More stylish and refined than the all-but-forgotten Tribute SUV, the CX-7 crossover will be an attractive choice for small families (it seats only five) thanks to available all-wheel drive, six standard air bags, and standard stability control. But with no U.S.-market replacement for the MPV minivan in the works and limited passenger capacity in the CX-7 and Tribute SUVs, the most capacious people hauler in the company's lineup will be the economically and ecologically friendly Mazda 5 minivan, which has six seats. Market analysts might call this strategy crazy, but we say Mazda deserves kudos for resisting the urge to offer a vehicle in every market niche.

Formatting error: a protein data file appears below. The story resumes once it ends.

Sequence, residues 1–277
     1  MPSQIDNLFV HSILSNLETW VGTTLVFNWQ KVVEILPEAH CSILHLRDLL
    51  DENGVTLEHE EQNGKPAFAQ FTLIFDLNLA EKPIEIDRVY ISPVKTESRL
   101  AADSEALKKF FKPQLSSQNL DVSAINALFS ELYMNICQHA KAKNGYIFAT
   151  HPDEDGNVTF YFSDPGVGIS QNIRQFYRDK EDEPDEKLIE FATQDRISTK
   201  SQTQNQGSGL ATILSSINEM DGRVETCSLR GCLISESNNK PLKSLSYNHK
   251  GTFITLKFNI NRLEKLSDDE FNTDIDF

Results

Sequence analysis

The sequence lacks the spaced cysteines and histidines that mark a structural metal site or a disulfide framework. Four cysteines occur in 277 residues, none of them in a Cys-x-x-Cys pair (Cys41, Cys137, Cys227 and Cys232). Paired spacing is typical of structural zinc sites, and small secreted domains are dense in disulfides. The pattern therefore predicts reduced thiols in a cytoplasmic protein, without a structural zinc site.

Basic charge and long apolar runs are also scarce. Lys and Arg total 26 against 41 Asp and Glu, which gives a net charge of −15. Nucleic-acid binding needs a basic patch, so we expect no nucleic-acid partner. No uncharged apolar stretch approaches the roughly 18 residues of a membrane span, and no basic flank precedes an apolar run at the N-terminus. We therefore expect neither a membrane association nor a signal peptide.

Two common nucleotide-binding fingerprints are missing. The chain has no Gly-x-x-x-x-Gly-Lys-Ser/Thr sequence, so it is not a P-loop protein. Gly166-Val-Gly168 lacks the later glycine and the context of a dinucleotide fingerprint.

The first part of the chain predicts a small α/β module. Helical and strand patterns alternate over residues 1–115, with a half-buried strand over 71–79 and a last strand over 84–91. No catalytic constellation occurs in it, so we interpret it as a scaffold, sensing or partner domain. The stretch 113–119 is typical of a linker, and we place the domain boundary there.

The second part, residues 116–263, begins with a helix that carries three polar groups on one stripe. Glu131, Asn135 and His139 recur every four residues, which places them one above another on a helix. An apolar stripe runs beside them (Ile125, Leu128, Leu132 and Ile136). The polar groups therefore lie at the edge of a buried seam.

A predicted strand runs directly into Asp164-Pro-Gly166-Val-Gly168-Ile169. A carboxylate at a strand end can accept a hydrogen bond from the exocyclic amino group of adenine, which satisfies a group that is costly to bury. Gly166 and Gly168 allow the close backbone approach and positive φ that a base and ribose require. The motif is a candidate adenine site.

When the CX-7 arrives here in a few months, Mazda's first crossover SUV will join the Ford Edge and Lincoln MKX in a new onslaught of Ford family utes. The CX-7's engine is a derivation of the turbocharged 2.3-liter four in the Mazdaspeed 6, producing 244 hp and 258 lb-ft of torque. A six-speed automatic transmission routes power to the front or all wheels while helping to achieve fuel economy of approximately 23 mpg combined city/highway. The CX-7 will start at $23,750 and slot above the smaller Mazda Tribute in price, even though both are strictly five-seat SUVs. Given Mazda's recent history of fun-to-drive vehicles, we're eager to get behind the wheel of a CX-7, because if anyone can pull off a truly sporty crossover, it's Mazda. About 50,000 CX-7s will be built annually at Mazda's factory in Hiroshima, Japan. The CX-7 should go on sale in May.